April 5, 2017
From Washington, this is VOA news. I'm Jee Abbey Lee reporting.
The Syrian government and Russian warplanes carried out a toxic gas attack in northern Syria, monitors and civil defense workers alleged Tuesday.
The attack killed at least 65 people and injured more than 350 others.
Syrian opposition activists described the attack as among the worst in the country's brutal six years civil war and the main political opposition group, the Syrian National Coalition, dabbed it a "horrifying massacre."
Russia has "categorically denied" any role in the attack.
Speaking from a conference on Syria in Brussels, U.N. special envoy Staffan de Mistura condemned the attack.
"Every time we have a moment in which international community is capable of being together, 70 countries tomorrow, there is someone, somehow that tries to undermine that feeling of hope by producing a feeling of horror and outrage. But we are not going to give up. And on the contrary, we make use of every of this horror moments in order to show the determination that they cannot prevail."
U.S. President Donald Trump is suggesting that Susan Rice, the national security adviser for his predecessor, former President Barack Obama, spied on conversations Trump aides had with foreign nationals last year and sought to unmask their identities for political gain.
Rice said Tuesday that accusation was "absolutely false."
Rice told MSNBC there is no truth to Trump's claim a month ago that Obama wiretapped him. The allegation also widely debunked by U.S. lawmakers and intelligence officials.
This is VOA news.
Russian investigators have identified Kyrgyz-born Akbarzhon Dzhalilov as the suicide bomber who carried out Monday's deadly attack on a crowded subway train in St. Petersburg.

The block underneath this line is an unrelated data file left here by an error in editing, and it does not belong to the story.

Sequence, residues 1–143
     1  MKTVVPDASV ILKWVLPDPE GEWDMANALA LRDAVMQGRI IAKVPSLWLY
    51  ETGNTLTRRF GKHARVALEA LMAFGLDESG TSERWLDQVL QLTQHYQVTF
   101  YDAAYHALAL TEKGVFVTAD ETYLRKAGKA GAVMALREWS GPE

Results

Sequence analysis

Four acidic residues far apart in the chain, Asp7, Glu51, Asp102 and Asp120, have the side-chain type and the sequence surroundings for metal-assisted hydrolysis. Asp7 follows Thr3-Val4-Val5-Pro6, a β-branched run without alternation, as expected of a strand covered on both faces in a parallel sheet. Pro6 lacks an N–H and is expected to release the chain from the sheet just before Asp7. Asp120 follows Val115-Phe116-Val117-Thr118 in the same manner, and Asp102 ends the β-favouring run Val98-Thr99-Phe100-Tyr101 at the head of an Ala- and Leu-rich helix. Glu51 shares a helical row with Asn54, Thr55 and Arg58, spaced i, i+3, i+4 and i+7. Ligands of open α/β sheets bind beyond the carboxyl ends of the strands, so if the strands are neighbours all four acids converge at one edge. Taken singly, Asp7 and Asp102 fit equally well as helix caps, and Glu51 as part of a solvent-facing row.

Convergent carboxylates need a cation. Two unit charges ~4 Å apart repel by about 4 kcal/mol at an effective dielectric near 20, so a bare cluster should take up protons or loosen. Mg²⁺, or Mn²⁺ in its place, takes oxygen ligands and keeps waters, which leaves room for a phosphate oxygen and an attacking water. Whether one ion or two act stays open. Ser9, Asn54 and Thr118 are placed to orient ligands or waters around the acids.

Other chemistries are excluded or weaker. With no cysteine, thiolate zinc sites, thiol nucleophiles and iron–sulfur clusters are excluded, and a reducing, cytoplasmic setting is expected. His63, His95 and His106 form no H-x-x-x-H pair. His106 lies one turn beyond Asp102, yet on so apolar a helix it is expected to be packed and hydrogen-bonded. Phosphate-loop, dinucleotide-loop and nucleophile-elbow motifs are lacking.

The death toll from the blast has risen to 14 people, with dozens injured in critical condition.
Russian police released photos of the 22-year-old suspected bomber.
As Britain begins a process of leaving the European Union, it is trying to rekindle old trade links with Commonwealth countries. But the push for new commerce has sparked a debate on the historical legacy of the British Empire, with accusations that ministers are trying to whitewash atrocities committed during the colonial times. Henry Ridgwell reports from London.
British Chancellor Philip Hammond arrived in India for a three-day trip to, in his government's words, "Bang the drum for British business." The quest for new Commonwealth trade links has been dubbed "Empire 2.0."
International Trade Secretary Liam Fox, also on a trade mission in the Philippines, wrote on Twitter recently that Britain "is one of the few European countries that does not need to bury its 20th-century past."
Indian lawmaker and former U.N. Under-Secretary-General Shashi Tharoor has just written a book titled Inglorious Empire. He has a different assessment of Britain's colonial conduct: "Of which the highlights, but only the highlights, include the Jallianwala Bagh massacre in Amritsar in India which killed defenseless, unarmed women, children and men."
Despite that history, Tharoor says India is listening carefully to what Britain has to offer.
Cutting migration was a central pledge of Britain's campaign to leave the European Union, but countries like India want visa restrictions relaxed as part of any trade deal.
Henry Ridgwell, for VOA news, London.
In southern Colombia, burials have begun for the 273 people killed in Saturday's devastating mudslides.
Health authorities in the town of Mocoa have been releasing the remains to families in order to speed burials and prevent the spread of disease. Meanwhile, rescue workers and residents continued a frantic search in the rubble for the 200 people who remain missing.
Authorities in southern Somalia are searching for five World Health Organization workers who were abducted by suspected al-Shabaab militants.
Colonel Deeq Abdi Khaliif says the workers were in their homes Sunday when gunmen broke in, took them by force and drove them to a remote area.
The five men - all Somali nationals - were working on a poliovaccination program for the WHO.
The UNHCR has not made any comment on the abduction.
I'm Jee Abbey Lee in Washington.
That's the latest world news from VOA.
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